But, let's take a step back.

And, uh, this seems obvious to actually write, but feminism isn't "dead" just because feminist blogging has declined. Many feminist bloggers have simply migrated to other platforms, platforms where audiences and users have likewise migrated, such as Twitter or podcasting, because these platforms now typically have greater reach than blogging. Or, they issue private newsletters, if they want more granular, limited engagement.

For, it's not just feminist blogs that have declined, it's blogs in general. Yet, we don't get story after story about how atheism or Christianity or mommy-ing have "died" just because these blogs have declined. People rightly mostly acknowledge that people just do this sort of topical work elsewhere now.

(Uh, except for me, I guess. Hi! No, just kidding, there are still like 60+ blogs in my Feedly that are still updated regularly, many of them feminist blogs).

In conclusion, this piece was ambitious and the writer touted it on Twitter as "the real story" of what went down regarding the feminist blogosphere, which is why I think I've been disappointed in it.

Many influential bloggers were omitted from this "real story" of the feminist blogosphere, particularly women of color, including women of color who wrote at some of the larger feminist blogs she critiques as excluding women of color. I mean, so much is missing, really. And, in reality, one would need a book, if not volumes, to even attempt to do justice to this topic (and it seems like this writer is angling for a book deal, goddess help us, even as her piece implies that feminists who get book deals are immoral/greedy/bad).

An interesting thing about the feminist blogosphere is that there's actually an extensive written record of what happened, if one simply reads the blogposts and comment threads themselves, and thus it seems like that record should be used pretty extensively in a historical account. One doesn't have to rely solely on oral, after-the-fact interviews and impressions to piece together a narrative about the feminist blogosphere, so that's a choice when one does do that, as is the case in the Jezebel piece.

The feminist blogosphere is/was a deeply important social phenomenon, and I hope one day someone does take the time to write a just history about it, someone who knows how to do the scholarship. I reckon it's not going to be a neat, tidy story with simple, cartoon heroes and villains, cranked out in a few months.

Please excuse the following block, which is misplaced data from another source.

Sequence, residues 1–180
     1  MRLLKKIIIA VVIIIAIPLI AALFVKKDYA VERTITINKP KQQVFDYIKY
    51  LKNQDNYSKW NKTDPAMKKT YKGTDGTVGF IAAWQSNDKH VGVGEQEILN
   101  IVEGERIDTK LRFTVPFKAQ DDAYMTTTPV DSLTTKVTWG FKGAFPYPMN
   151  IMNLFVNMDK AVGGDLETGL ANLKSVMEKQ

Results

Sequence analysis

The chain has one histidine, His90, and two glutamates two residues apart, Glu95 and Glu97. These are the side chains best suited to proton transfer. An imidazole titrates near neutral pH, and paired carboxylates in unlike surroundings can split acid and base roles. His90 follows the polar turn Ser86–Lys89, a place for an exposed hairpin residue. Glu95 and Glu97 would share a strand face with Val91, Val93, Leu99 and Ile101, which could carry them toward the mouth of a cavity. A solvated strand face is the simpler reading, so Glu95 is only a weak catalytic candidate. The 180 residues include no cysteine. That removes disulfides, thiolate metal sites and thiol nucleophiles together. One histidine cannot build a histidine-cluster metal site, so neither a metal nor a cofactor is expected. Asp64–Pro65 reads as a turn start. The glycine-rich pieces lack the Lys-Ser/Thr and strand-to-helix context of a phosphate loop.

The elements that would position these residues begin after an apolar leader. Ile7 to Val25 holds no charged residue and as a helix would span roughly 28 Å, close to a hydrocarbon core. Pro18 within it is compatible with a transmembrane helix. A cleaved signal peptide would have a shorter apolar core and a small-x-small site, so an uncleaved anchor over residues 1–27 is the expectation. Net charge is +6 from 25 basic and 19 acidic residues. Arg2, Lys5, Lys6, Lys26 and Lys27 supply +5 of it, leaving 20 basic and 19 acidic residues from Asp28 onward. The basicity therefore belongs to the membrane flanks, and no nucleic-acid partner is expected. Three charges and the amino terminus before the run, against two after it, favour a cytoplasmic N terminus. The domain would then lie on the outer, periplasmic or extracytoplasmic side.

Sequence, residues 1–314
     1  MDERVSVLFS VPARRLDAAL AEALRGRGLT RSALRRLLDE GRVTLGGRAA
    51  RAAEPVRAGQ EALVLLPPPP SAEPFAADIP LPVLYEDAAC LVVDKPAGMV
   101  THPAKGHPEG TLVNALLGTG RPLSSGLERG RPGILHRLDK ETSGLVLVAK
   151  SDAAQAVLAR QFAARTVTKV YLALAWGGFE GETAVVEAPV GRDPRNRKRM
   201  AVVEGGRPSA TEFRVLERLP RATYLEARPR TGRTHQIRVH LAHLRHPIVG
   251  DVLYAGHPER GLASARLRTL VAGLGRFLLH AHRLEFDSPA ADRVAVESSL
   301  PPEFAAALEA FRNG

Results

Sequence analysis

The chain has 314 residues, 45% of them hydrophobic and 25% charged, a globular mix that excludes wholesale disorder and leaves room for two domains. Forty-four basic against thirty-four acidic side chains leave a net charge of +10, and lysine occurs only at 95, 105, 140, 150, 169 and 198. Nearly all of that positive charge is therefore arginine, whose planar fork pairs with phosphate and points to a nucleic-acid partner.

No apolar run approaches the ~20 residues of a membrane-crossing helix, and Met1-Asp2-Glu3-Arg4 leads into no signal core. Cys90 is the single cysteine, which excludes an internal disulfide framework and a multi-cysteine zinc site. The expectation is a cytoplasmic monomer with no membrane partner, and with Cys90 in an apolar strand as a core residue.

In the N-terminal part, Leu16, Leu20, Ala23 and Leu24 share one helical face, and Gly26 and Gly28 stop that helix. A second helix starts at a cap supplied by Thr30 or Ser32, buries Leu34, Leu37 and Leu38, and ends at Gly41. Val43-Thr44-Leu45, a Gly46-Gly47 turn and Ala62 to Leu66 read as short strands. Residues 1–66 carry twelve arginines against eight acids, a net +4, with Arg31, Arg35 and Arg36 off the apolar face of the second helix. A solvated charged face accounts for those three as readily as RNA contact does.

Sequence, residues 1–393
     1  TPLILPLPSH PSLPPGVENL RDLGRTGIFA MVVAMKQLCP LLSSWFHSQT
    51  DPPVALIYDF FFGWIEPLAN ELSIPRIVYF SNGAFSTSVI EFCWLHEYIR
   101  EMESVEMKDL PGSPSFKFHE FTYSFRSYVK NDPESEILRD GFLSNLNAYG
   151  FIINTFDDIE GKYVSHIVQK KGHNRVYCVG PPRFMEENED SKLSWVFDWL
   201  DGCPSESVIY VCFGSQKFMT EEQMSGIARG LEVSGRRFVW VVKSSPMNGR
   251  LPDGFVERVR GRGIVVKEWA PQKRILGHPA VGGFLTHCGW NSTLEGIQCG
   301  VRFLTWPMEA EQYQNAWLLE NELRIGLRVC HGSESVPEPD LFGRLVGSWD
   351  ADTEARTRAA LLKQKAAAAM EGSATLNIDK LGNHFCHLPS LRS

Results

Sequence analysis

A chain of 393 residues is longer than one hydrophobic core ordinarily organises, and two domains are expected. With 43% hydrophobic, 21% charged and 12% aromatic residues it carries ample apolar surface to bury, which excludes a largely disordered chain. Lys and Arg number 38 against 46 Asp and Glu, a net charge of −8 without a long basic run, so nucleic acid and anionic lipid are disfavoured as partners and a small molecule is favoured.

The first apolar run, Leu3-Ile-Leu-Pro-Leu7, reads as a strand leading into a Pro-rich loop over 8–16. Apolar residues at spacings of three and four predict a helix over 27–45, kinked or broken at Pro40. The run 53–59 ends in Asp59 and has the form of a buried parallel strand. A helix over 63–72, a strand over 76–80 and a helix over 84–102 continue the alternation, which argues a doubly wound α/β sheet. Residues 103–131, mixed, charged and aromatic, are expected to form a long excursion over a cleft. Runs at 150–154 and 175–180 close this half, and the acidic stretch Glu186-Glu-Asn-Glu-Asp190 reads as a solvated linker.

[Update, 12/21/19: After the writer of the Jezebel piece continued to promote her piece on Twitter after it didn't go viral, feminists primarily engaged the piece by critiquing it, pointing out errors, and disputing the overarching narratives. 

In response, the writer of the piece made the following statement: "the responses to my jezebel piece really make me understand why so many renounced feminism in the end." This statement was alarming to me because it's the same sort of victim-blaming that MRA/anti-feminists habitually engage - that feminists are too insufferable to deal with and, thus, feminism is a garbage movement that they want no part of.

As of today, she has deleted her Twitter account.]

The End of an Era at Shakesville
A Woman Will Win, Eventually, But Will the US Let Her?

*For instance, the writer asserts that the "lifepsan of the feminist blogosphere" was from 2001 - 2009, even though feminist blogs continue to exist today and multiple large sites she includes in her piece, such as Shakesville and Feministing, existed through 2019. As another example, the piece erases the fact that the founder of Jezebel, framed as a big white blog, is a Black woman.
**The oft-cited "53% of white women" who voted for Trump in the 2016 election, which is sometimes loosely equated with all white women.

Tuesday, December 10, 2019

The Queerest Night on Television

Is now Sunday.

With Batwoman and Supergirl airing on the CW, and now The L Word: Generation Q and Work in Progress airing on Showtime, queer women have quite the selection of TV shows featuring Strong Female Characters all on one day (although, yes, with the reality of how many people watch TV, on demand any day, any time we want via Hulu or wherever you enjoy your pop culture streams).

First, the CW series. I've enjoyed Batwoman so far, primarily because it's meaningful to view a show centered around a lesbian superhero. At the same time, while I don't find fault with Ruby Rose, I don't think Batwoman, as a character, has been written particularly strongly as she, at least in contrast to villain Alice, seems relatively passive.

She's already been captured numerous times and often seems completely dependent on her sidekick, Luke, and her (or, er, her cousin's) gadgets to get her out of jams.  What I want to know is, what unique personality traits and skillsets does she - Kate Kane - bring to the table that makes her strong and worthy of being a superhero?

On another note, Chicago is used very well as a stand-in for Gotham City. The use of the Chicago Board of Trade Building, with its Ceres-could-be-Batwoman-looming-over-the-city figure at the top of the skyscraper, is clever.

On the Supergirl front, I continue to enjoy the show and its embrace of the gay Alex Danvers and trans Dreamer. I don't have a great, pressing need for Supergirl and Lena Luthor to end up together, as some SuperCorps shippers desperately want. And, especially with Lena's latest betrayal, their relationship has been dishonest in ways that I think would be hard to overcome. Even the way Supergirl talks about Lena to her friends mirrors the way people in abusive relationships continually make excuses for their abusive partners. That being said, the show drops a lot of Supercorps subtext for viewers to read into.

Regarding Showtime, I'll start with The L Word, whose Generation Q reboot piloted this past Sunday. First, whew, quite an opener there. Hello queer sex scenes, how I've missed thee. (What? CW is very PG-13 in that regard.)